Bee balm would be a beautiful addition to your garden, it grows about waist high on me, I am 5 feet 7 inches. The gorgeous flowers are red and attract lots of bees and butterflies, hummingbirds like it also. I planted bee balm seven years ago when we moved in our home and it comes back every year with little care. I water sometimes and enjoy the flowers for months and months during the summer. It makes a lovely backdrop against shorter plants and does well in our humid, hot Tennessee weather.

    Lemon balm is also a wonderful addition and it fills in spaces rapidly. It also requires little care and is tasty in recipes and teas. It can be a bit invasive so be careful where you place it, it does well in containers too. Wish you lived closer I would share some of my plants with you.

    That's it for my gardening expertise today, lol.

    Once again, blessing to you and Rattlebridge Farm.

    1. I love your suggestions! I'll remember your grandmother's wise words. Thank you.

  5. Oops, forgot to mention the wonderful aroma that bee balm has. The lemon balm also smells just like fresh lemons. Yummy!

    1. I'll look for both. I'd love to attract hummers.

  6. It has been so hot and humid here that I haven't spent as much time as I need to care for my garden -early hours or late evening hours are my favorite in the summer. The the plants that will thrive will become your friends, I enjoy spending time outdoors seeing who is showing me their best, showing how to take the heat - recently, Sarah at Hyacinths for the Soul shared her Texas garden - I am making note of some of her plants - theire gorgeous! I figure if they can survive Texas heat - they can survive here in Georgia - also, I am putting off my plans until October...

    1. love your description of the relationship you have with your garden. That's how I'm going to look at it! There will be ups, downs, betrayals, faithfulness, and absenses.
      I love Sarah's garden. I saw a type of Camilla at HD that claims to survive TN's take-no-prisoners policy in winter. Do you have luck with camillas? Would love one but need to wait for the rain to stop (flood warnings were just issued). Itching to plant my long-necked pretties before the goats eat them.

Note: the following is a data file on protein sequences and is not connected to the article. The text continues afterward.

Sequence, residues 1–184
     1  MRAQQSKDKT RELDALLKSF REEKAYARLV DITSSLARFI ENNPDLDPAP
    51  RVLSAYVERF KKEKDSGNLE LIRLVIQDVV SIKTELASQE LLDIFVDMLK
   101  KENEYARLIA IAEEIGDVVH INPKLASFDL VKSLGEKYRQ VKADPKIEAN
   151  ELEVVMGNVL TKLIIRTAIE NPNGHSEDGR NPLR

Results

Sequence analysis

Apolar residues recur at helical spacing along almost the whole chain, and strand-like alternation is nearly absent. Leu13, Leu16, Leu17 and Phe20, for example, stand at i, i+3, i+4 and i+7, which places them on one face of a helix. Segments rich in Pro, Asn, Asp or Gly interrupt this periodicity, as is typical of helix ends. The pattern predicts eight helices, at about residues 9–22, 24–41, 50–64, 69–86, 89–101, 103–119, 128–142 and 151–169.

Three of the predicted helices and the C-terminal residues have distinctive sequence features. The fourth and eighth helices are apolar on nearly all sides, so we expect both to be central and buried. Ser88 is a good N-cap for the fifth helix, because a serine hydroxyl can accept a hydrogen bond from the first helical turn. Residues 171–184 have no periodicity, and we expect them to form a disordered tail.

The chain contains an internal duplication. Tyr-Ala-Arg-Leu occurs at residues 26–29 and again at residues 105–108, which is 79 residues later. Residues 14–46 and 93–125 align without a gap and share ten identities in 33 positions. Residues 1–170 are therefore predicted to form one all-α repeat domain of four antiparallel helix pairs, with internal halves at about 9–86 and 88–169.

7. I think you did a wonderful job on your pots and your yard looks devine...just let the pots get settled in and they will go crazy I am sure...I also love the beautiful pots, wow you have some beauties...thanks for sharing, stop over for a visit and see my jungle....

  8. I admire your perseverance! You did it - you got out there and dug those holes and filled those urns! Be proud - it's sweat well worth it!

  9. This is looking terrific. You could remove every
    other sage for another spot as they each get huge!
    Your on your way to wonderful!

    1. Thank you, Bernideen. My husband needs sage in his garden, so I have the perfect spot.

  10. ML, that is A LOT to do in one day!! No wonder you were beat. Of course, once you're dirty & getting into it, I want to just get 'er done.

    "Wear boots, not ballerina flats" LOL Great advice...also gloves ALWAYS! Jan from the blog, Bessie Mary was bitten by a snake while digging & I know a gal who almost lost her thumb from a vicious spider bite. Yuck!

    May I recommend giving the flowers some Peter's Plant food? You'll be rewarded with LOTS of blooms...better than Miracle Grow, IMHO.

    Your pots & urns look lovely already & once they fill out, they will be spectacular. You'll have to remember to show us.

    1. I had completely forgotten about Peter's Special! Thanks!

  11. You may need more room. My one sage plant is about two feet wide. It's five years old, but they get very big.

  12. You got a lot accomplished - You did good! Sorry - I am of no help when it comes to planting herbs. My planting is only in pots these days, and can't keep a rosemary plant alive even in a pot. The beds need reworking, and what little is left is barely hanging on, as they just don't get enough sun. Except for the vinca vine that seems to survive the worst conditions.
    Hope you have not had any flooding in your area. Have a wonderful weekend!

    1. The rain finally stopped late this afternoon--now bullfrogs are croaking. I'm ready for sun--aren't you?

  13. your garden will be gorgeous, its always survival of the fittest and they will push and grow and meld and blend and wow and enchant, ONEST! what kind of sage is that, personally less is best for that, if its like mine it grows 4'... there are 100s of varieties, but that does not look a small one~

    armed with gatorade, cracks me up, like a real team player! your steps look fabulous!

    i always plant in 3's or 5's, they will fill in wonderfully that way.
    try like this, not to close of you will stunt the perennials, annuals yes, you want a wow factor.

    x x
    x x x

    1. Thank you, Jain! Valuable info here. I'll try the XX method.